And to come to think that they're the ones in the food service profession making a living off waiting on people; not someone studying to be in a health profession which was meant to actually help people.

Sunday, February 12, 2006

A Filipino funeral

It was already 11:00 a.m. when I got back to my dorm. Since my uncle had told me that they would be leaving at 9 a.m. that morning I had declined to go with them. However, 2 hours after their expected departure time I decided to give him a call just in case there was a remote possibility that he would still be here.

Remote? Ha, I keep on forgetting people here run on Filipino Time. When I called them they weren't even remotely close to leaving though he told me they were just about to go. We left at 12:00 p.m. for the funeral of my Uncle Bert.

Now before I start to talk of the first funeral I have ever attended here in the Philippines I should backtrack about 6 days ago when I went to the house of my late Uncle Bert.

It had already been 3 days after his death and we were going to his family's home to pay respects to his remaining family. When we got to their street there were two tents blocking off and quite a few people standing outside. At such a late time I really didn't expect so many people to be there. It kind of looked like a party scene than the house of a grieving family. When I finally walked in to the house I was in for another surprise. There he was, my late Uncle Bert.

Now, it wasn't like that movie Weekend at Bernie's or anything. He was just there in the living room lying in his coffin. As you may have guessed they don't usually do this in the States. Well, not were I'm from. Come to think of it I don't think they would allow that at all in the States. It could get mighty hot in some places and having a dead body sitting in your living room is not going to smell so good after awhile, unless you have a lot of saran wrap. I guess that's why the casket had a sealed glass top.

I know he's family but waking up in the middle of night to get a glass of water and then having to pass by a casket has to be a little creepy. I would imagine it makes the grieving processes even all that much harder but that's how they do it here. The body of my Uncle Bert would stay with them for 9 days before the date of the burial, which takes to me back to present time of my story.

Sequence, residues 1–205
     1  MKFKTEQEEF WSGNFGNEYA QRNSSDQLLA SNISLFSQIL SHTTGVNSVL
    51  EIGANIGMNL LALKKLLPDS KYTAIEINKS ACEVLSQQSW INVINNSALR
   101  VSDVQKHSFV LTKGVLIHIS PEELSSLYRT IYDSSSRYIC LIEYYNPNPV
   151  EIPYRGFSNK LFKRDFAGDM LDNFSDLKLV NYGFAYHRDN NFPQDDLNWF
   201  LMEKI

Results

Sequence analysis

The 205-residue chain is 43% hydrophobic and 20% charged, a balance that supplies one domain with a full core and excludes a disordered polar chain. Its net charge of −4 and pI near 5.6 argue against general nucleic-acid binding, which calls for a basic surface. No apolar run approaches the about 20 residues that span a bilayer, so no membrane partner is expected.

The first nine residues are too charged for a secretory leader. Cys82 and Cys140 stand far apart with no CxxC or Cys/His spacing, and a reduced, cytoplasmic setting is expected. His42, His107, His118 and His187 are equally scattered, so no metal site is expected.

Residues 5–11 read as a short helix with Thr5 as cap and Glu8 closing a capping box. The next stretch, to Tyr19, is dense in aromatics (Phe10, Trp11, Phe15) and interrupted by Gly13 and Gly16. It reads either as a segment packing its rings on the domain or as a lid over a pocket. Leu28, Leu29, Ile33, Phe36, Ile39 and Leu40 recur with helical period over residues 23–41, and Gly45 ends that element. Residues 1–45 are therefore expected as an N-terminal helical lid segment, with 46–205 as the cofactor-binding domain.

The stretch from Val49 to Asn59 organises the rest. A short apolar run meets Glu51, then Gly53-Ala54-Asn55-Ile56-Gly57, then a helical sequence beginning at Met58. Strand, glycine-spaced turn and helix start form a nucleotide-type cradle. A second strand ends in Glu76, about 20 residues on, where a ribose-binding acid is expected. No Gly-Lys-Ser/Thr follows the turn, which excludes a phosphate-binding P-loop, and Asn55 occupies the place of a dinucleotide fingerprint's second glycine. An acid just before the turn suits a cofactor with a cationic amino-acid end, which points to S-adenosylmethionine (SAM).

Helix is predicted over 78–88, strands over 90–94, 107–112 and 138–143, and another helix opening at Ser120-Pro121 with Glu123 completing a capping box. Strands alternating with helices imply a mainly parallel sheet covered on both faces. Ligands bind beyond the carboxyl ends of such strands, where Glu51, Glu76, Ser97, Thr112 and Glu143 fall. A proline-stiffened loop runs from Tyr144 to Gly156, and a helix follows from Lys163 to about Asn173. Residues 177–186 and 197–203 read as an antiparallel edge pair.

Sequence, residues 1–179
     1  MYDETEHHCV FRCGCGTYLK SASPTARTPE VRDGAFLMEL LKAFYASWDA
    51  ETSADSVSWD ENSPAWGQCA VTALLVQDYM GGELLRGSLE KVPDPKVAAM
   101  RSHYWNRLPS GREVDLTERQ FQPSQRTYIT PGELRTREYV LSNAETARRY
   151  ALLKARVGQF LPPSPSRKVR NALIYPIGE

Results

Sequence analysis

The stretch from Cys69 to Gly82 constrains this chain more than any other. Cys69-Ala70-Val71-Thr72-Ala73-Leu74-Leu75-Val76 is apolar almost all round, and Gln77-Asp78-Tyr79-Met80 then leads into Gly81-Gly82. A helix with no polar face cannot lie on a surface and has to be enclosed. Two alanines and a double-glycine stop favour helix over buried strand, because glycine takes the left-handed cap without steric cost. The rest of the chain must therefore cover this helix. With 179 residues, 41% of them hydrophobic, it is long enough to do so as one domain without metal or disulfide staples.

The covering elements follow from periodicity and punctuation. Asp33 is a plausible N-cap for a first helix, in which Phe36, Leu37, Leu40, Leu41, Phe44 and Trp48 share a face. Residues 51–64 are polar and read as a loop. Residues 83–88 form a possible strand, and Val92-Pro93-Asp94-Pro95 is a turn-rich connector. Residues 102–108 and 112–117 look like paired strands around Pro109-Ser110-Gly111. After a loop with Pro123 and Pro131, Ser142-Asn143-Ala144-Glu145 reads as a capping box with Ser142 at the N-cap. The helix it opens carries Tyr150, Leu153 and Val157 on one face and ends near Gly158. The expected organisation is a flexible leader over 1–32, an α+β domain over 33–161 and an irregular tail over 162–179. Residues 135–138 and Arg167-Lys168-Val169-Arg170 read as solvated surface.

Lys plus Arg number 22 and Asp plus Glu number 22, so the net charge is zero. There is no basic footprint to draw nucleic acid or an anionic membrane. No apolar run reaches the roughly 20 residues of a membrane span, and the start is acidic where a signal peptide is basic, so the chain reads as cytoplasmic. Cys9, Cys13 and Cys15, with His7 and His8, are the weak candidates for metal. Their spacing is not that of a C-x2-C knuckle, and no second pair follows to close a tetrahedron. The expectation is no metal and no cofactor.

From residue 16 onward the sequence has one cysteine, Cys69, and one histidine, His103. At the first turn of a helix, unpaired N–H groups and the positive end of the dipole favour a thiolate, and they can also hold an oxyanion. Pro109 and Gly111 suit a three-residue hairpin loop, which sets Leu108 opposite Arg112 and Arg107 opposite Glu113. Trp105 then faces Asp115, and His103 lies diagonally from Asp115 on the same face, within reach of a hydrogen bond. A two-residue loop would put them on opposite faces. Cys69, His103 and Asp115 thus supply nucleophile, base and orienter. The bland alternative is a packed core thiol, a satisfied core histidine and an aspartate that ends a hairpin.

When we arrived there were even more relatives this time around and a marching band complete with majorettes. At first I thought they were apart of a separate activity but when they pulled my uncle's casket from the house and loaded it up in to the hearse. They began playing and leading the way for the funeral procession. As for my relatives instead of getting in their cars to follow after the hearse (that's what we do in the States) they followed right along walking behind them. They all have cars here too but that's just how they do it here.

Now, I knew that the cemetery wasn't exactly very far from their place but I was wondering what if they had a longer way to go? It was a hot day and not everyone walking was exactly young and vigor. Another thing I was wondering was if they could be allowed to do this in the more crowed city streets? I would imagine as we took up the entire street we could cause a major traffic problem. In the States usually the funeral procession is required to follow the laws of the road though in most of the ones I have been in I can't say that has always happened. However, walking behind the hearse is definitely out of the question.

As we got to our first stop, the church. I had noticed that we didn't exactly take the quickest route here. We kind of took the long way around. I guess it was in order to give my uncle his last stroll around the block which seems like a nice symbolic gesture to me. When I die I want my family to take me around San Francisco, Vallejo and Lake Tahoe since that's were I mostly grew up. Better hope I don't die out here because I don't know how the hell you are gonna walk my body back to the States. Anyway, after saying a few good things about the life of Uncle Bert we left for the last leg of the trip.

When got to the cemetery we viewed him once again for the last time, the preacher said his last words and we closed the casket. However, before we buried him they passed the small children one at a time over the top of the casket. I'm not sure what this was for but in Creole tradition they do this in order to prevent the souls of the dead to come back for the children. I don't know if this is done here for the same reasons or not.

Now I don't know if I should exactly say that we "buried" him because the cemeteries here are not exactly like the ones in the States. No one here is really laying six feet under. Instead the caskets are placed in to sarcophaguses that lay above ground. Normally in the States we would watch people cover the casket with dirt but instead here we watched them seal my uncle's casket away in cement.

After the funeral ceremony we proceeded to my uncle's house for the party.

Farewell Uncle Bert, rest in peace.